MRSA Possibly Killed by Oxgall Eye Ointment

MRSA

Due to the overuse of antibiotics, MRSA is the superbug that medical science’s strongest weapons cannot compete against. MRSA, methicillin-resistant Staphylococcus aureus, can spread through hospitals quickly and easily, and is now taking up residence in homes. It can also cause life-threatening pneumonia, as well as, bloodstream infections. It is estimated that MRSA has claimed the lives of over 5,000 people in the United States in 2013, according to The Centers for Disease Control and Prevention (CDC). MRSA has infiltrated the NFL and may, eventually, take more lives than cancer.

In the United Kingdom, researchers are reporting that MRSA is responding to an ancient remedy that is a mixture of garlic, onion or leek, copper, wine and oxgall or cow’s bile. This concoction was cooked in a brass pot, strained and then sat for nine days. Each ingredient has antibacterial properties so the combination was hopeful.

This possible remedy was originally an eye ointment from medieval times called Bald’s Eye Salve. This remedy is 90 percent effective on mice, with antibiotic-resistant Staphylococcus aureus bacteria. This is being studied by researchers at the University of Nottingham.

Christina Lee is an associate professor at the University of Nottingham. Her specialization is in disability and disease in the Viking and Anglo-Saxon time periods. She translated the recipe from old English.

Researchers stopped inventing and advancing and thought about what was used before there were antibiotics. Bald’s Leechbook was where this salve treatment was found. Bald’s Leechbook is a 9th Century medical textbook. It was believed that copper and garlic had antimicrobial properties, or those of an antibiotic. The Bald’s Eye Salve was tested in-vitro and on the wounds mice had, and it was more effective than hoped. Then researchers allowed their ‘infections’ to grow and mature. The individual cells bunched together and got sticky so it would be hard for antibiotics to get to them. Bald’s Eye Salve, overcame that obstacle.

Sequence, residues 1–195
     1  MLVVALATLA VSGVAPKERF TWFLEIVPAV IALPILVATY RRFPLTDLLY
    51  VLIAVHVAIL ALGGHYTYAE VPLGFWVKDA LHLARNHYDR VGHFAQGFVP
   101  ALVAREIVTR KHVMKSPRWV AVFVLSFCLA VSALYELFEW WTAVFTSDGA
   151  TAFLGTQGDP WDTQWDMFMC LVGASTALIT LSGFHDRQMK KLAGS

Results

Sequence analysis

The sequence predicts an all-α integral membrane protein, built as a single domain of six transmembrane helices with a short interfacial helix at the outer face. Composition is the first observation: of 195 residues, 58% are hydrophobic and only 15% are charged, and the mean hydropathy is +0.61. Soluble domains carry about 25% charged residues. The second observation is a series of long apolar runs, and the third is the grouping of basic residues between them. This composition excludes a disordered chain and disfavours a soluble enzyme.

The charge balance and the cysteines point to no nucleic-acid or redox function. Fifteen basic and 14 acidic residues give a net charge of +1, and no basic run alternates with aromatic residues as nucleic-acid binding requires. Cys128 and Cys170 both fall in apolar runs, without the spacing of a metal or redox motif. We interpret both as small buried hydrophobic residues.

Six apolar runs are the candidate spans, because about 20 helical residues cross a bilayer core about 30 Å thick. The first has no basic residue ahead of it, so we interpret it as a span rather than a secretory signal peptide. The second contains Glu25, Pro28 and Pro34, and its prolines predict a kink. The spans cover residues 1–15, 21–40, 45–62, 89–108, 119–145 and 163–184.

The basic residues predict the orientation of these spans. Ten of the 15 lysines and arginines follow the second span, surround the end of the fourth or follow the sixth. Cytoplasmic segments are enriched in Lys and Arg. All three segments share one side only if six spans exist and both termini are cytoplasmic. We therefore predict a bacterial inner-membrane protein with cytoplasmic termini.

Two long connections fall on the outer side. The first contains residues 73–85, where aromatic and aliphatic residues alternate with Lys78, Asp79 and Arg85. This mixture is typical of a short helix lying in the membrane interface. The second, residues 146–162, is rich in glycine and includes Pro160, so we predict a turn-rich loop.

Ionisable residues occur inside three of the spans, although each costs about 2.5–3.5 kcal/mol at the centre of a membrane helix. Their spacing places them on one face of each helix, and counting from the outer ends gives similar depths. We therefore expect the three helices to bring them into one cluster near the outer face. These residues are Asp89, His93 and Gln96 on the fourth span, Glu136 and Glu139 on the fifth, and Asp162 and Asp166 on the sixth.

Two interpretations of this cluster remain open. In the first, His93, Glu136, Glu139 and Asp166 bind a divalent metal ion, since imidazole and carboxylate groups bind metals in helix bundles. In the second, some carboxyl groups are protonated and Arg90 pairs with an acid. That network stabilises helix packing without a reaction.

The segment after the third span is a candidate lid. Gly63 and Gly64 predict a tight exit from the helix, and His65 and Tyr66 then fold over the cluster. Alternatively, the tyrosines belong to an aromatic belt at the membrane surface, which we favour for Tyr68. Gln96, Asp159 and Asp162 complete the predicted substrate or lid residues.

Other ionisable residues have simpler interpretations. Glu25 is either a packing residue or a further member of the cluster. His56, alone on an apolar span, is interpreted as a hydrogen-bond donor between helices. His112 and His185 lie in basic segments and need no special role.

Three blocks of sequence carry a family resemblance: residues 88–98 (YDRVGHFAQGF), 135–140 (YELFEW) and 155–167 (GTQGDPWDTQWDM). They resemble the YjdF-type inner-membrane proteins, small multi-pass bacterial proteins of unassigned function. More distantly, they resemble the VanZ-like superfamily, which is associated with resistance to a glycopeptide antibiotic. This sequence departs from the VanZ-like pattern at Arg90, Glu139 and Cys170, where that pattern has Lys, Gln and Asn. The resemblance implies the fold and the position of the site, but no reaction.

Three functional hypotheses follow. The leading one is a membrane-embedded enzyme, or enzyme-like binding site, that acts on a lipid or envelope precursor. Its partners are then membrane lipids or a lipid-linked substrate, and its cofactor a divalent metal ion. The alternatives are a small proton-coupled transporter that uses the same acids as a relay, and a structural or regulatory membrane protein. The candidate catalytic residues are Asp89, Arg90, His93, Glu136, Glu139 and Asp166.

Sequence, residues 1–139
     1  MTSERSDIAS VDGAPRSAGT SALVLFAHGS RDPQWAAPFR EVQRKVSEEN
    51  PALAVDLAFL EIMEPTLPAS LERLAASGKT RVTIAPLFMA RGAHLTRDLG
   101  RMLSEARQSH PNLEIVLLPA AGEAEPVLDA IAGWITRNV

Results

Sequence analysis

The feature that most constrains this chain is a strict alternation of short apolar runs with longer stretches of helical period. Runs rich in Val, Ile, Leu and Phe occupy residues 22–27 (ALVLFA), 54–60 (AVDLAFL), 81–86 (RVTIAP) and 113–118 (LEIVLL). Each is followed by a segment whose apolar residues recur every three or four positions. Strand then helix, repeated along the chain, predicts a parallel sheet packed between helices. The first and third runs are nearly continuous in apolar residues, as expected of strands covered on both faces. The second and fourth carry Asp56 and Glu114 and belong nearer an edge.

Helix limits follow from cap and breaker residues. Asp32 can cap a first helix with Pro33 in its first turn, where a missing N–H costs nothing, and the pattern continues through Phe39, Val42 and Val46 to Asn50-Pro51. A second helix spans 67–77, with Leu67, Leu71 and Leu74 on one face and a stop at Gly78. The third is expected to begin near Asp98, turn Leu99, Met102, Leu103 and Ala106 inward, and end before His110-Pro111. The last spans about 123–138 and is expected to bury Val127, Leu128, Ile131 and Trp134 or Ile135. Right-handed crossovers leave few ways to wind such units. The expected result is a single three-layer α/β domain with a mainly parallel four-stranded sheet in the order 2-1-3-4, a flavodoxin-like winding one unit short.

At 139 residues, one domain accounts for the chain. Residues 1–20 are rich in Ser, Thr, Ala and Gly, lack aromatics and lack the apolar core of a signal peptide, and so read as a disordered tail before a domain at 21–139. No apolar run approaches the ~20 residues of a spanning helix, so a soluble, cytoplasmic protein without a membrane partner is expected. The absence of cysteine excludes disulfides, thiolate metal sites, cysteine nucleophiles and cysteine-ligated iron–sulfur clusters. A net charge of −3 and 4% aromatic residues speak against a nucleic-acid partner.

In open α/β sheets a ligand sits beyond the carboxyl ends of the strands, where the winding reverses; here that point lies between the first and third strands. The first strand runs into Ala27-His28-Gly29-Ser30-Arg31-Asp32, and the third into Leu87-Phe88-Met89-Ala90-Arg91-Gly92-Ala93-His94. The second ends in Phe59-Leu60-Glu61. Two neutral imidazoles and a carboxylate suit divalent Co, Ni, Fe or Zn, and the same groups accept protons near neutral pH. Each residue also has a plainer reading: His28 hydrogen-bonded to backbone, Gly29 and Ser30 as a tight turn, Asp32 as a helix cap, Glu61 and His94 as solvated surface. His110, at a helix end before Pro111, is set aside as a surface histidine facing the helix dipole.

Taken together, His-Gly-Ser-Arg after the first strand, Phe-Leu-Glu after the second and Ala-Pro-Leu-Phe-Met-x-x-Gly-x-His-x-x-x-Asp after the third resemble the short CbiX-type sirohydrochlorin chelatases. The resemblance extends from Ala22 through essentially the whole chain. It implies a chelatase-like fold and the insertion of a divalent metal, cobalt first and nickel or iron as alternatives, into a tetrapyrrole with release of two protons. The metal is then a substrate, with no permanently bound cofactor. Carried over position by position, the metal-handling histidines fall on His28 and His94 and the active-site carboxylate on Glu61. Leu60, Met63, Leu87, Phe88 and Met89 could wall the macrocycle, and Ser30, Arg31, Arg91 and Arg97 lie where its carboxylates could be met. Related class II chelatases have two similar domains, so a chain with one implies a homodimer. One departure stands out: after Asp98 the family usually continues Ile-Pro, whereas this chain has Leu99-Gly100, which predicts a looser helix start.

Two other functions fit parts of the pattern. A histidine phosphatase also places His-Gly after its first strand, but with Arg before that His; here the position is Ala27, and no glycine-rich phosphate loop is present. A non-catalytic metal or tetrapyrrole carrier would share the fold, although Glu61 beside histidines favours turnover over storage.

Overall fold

It seems that the oxgall remedy is a success in the laboratory, but it is very possible that it will not be as effective outside of the lab. MRSA’s impact seems overwhelming.

A 7-year-old black girl from Minnesota was admitted to the hospital with a temperature of 103 F in 1997. After five weeks in the hospital, she died of a pulmonary hemorrhage.

A 16-month-old American Indian girl from North Dakota was in shock when she got to the hospital. She had a temperature of 105.2 F in 1998. She died within two hours of admittance to the hospital, of respiratory failure and cardiac arrest.

A 13-year-old white girl from Minnesota was taken to the hospital with a fever, coughing up blood and in respiratory distress in 1999. She died of multiple organ failure, after she had been in the hospital for a week.

Modern research is being combined with previous knowledge in non-scientific writings. However, the help these writings can contribute to handling today’s challenges can only be understood if both the arts and science are combined.

The oxgall research is going to be presented in Birmingham at the Annual Conference of the Society for General Microbiology. The team has warned that the Bald’s Eye Salve is not a cure-all. However, these researchers intend to continue to investigate the other remedies in Bald’s Leechbook for further wisdom.

There are other books that offer treatments that may also be effective. There is a war against antibiotic-resistant infections and it is global, so finding weapons to fight this war should also be global. This war is headed by British Prime Minister David Cameron. Soon antibiotic-resistant infections such as MRSA may be easily treatable with an old remedy.

By Jeanette Smith

Sources:

Washington Post

Forbes

CBS

Photo courtesy of blurdom – Flickr License

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